I Married a Witch: The Wrong Aisle For Some Viewers
Rene Clair’s I Married a Witch (1942) is stupefyingly schlocky. Veronica Lake plays a 290-year-old witch that was burned by the puritans and buried under an oak tree that is to contain her spirit for eternity. A lightning bolt strikes the tree in the 1940s, however, releasing Lake’s ghost. Vengeful, she singles out Frederic March, whose ancestor was the one to burn Lake centuries earlier. She foils his marriage, clinches his election for governor, and then takes him down the aisle for herself. It should be ridiculous, but handled at Clair’s breakneck pace it finishes as fittingly absurd. Still, his earlier works such as À Nous La Liberté (1931) and Paris Qui Dort (1925) need less justification for their comedy to work. With I Married a Witch, you have to keep telling yourself, “Veronica Lake doesn’t look half bad for someone George Washington’s age.”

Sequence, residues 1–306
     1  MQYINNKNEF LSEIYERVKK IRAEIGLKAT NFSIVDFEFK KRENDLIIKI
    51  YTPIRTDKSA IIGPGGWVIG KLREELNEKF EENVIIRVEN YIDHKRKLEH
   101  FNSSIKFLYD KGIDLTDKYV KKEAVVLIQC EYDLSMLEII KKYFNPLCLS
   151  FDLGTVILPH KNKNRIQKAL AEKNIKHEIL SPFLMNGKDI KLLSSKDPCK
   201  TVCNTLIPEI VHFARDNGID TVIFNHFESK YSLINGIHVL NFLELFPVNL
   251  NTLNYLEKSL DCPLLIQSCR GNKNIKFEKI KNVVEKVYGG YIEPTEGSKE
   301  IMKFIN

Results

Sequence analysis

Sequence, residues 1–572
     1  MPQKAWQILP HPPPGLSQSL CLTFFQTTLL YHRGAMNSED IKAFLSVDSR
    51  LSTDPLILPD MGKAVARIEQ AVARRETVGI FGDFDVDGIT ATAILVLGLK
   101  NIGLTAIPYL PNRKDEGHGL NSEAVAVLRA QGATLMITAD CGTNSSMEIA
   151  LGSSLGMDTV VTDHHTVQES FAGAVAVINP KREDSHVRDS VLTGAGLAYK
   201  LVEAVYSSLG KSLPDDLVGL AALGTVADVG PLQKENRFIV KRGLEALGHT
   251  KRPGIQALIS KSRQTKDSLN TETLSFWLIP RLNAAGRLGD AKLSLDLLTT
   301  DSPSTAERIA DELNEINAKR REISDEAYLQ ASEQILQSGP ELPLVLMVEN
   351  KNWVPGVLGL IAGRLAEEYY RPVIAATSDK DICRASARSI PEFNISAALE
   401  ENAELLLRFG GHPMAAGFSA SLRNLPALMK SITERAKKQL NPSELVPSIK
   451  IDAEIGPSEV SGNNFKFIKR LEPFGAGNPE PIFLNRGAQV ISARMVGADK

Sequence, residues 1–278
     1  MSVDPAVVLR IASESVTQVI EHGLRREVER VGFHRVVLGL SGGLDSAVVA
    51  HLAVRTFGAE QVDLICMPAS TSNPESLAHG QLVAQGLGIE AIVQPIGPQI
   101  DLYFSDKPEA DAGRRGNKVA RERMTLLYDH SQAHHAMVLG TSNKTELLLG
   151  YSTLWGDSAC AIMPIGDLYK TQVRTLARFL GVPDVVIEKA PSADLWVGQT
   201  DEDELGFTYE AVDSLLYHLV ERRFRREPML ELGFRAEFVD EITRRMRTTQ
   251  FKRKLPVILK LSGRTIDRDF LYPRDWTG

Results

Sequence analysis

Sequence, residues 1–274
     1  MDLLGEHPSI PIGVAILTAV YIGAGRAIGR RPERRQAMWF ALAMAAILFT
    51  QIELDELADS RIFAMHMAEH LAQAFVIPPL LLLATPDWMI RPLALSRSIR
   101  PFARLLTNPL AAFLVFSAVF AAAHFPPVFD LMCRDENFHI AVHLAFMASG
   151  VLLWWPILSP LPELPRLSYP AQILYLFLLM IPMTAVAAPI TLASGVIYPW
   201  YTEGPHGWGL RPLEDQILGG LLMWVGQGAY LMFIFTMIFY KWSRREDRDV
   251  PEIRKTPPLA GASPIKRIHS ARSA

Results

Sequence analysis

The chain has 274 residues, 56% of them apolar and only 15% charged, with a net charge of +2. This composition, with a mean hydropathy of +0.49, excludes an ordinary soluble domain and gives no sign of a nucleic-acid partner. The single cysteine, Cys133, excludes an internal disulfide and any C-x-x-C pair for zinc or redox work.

Cullen Gallagher is a Brooklyn-based writer, musician, and curator whose work has appeared in The Los Angeles Review of Books, The Life Sentence, Moving Image Source, Bright Lights Film Journal, Beat to a Pulp, NoirCon, Crimefactory, Film Comment, The L Magazine, The Brooklyn Rail, Fandor, Not Coming to a Theater Near You, Hammer to Nail, Spinetingler, Between Lavas, Reverse Shot, and Guitar Review. He records instrumental music as Modern Silent Cinema and plays in the hardcore band Night Squad.